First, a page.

How to charge your phone properly
Yes, you can leave your phone plugged in overnight
Don’t worry about overcharging the batteries of your phone. It is not the end of the world if you don’t unplug your phone the second that it is charged. Your Charger and Phones are smart enough, than you think. Many smartphones (most, not all) are smart enough to cut the battery out of the charging entirely once it’s full. The battery just sits there patiently until you need it or until it needs another little shock to top it off.
But avoid fully Charging your battery
Lithium-ion batteries do not need to be fully charged, nor is it desirable to do so. In fact, it is better not to fully charge because, Continuing to charge when a phone is at 100% increases higher voltage stress and also it produces excess heat caused by wasted power dissipation.
Then, what to do?
The best way to charge your phone is a little at a time, whenever you have a chance
Partial charging is safe & good for lithium-ion batteries and even has some positive benefits. Importantly, operating at a low voltage is good for a battery’s lifespan, increasing the number of available charging cycles before you’ll start to see a major reduction in capacity. Roughly speaking, every 0.1V decrease in cell voltage doubles the cycle life.
Avoid fully discharging your battery before charging
Small but regular top-ups are much better for Li-ion batteries than long full charge cycles. Using up just 20 percent of your battery between charges isn’t going to be practical for most people, but topping up when you’ve used about half will see a notable improvement in your battery life over the long term, especially if you avoid charging up to full each time too. The bottom line is that small regular top-ups are much better for Li-ion batteries than long full charge cycles.
Gaming or watching videos while charging is bad because they distort charging cycles
Parasitic loads (This occurs when the battery is being drained significantly at the same time as being charged, such as watching a video or gaming while charging) are bad for batteries because they distort the charging cycle and can induce mini cycles, where part of the battery continually cycles and deteriorates at a faster rate than the rest of the cell. Worse still, parasitic loads occurring when a device is fully charged also induce higher voltage stress and heat on the battery.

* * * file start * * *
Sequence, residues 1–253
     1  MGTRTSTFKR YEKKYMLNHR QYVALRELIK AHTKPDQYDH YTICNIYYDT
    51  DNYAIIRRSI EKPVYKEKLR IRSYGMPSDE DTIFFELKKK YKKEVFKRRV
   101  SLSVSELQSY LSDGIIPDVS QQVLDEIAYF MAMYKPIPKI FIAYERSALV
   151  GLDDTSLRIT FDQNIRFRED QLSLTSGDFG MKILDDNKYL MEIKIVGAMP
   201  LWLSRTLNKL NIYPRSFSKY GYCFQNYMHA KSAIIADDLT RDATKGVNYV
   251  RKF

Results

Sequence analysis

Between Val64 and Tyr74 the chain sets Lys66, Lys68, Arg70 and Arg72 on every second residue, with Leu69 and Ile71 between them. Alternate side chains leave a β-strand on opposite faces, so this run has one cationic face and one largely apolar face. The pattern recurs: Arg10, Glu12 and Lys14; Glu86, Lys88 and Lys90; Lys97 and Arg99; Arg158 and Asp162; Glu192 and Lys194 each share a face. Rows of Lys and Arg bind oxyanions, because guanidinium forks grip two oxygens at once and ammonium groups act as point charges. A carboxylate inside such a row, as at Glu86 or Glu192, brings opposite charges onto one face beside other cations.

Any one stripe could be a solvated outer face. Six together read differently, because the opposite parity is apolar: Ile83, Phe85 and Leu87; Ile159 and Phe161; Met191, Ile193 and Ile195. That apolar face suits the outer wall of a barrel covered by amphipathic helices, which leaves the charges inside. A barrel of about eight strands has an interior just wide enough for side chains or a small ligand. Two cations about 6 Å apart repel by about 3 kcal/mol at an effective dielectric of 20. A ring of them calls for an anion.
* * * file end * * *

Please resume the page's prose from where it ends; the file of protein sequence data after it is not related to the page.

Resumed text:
The best way to avoid parasitic loads it to turn your device off while charging. But it’s probably more realistic to keep the workload very light while the device is plugged in, leaving it to idle most of the time. Remember to unplug it once the battery is topped up enough.
Keep your battery cool.
Heat is the enemy of long battery life. Just like high voltages, high temperatures stress the battery and make it lose capacity far more quickly than when kept at lower temperatures.
So make sure you don’t leave your phone under your pillow to charge at night or plugged in on the dashboard of your car on a hot day also avoid placing it on top of your gaming PC. Try to avoid wireless charging if you can, because the waste-heat those chargers generate will also bake your battery. Also, beware of quick chargers as the higher current and voltages can definitely lead to a hotter device while charging despite your phone and charger are smart enough to minimize damage from high-voltage chargers. And if you have to store a phone or battery for a while, do it in a cool dry place.
- Avoid fast charging and wireless charging as much as you can.
- Turn off your phone when charging, or at least don’t play games or watch videos to avoid mini cycles.
- Avoid full cycle (zero-100%) and overnight charging. Instead, charge your phone more regularly with partial charging.
- Heat is the battery killer. Don’t cover your phone when charging and keep it out of hot places.
- Finally, don’t panic, ending a charge at 80 percent is better for the battery than charging it to 100 percent.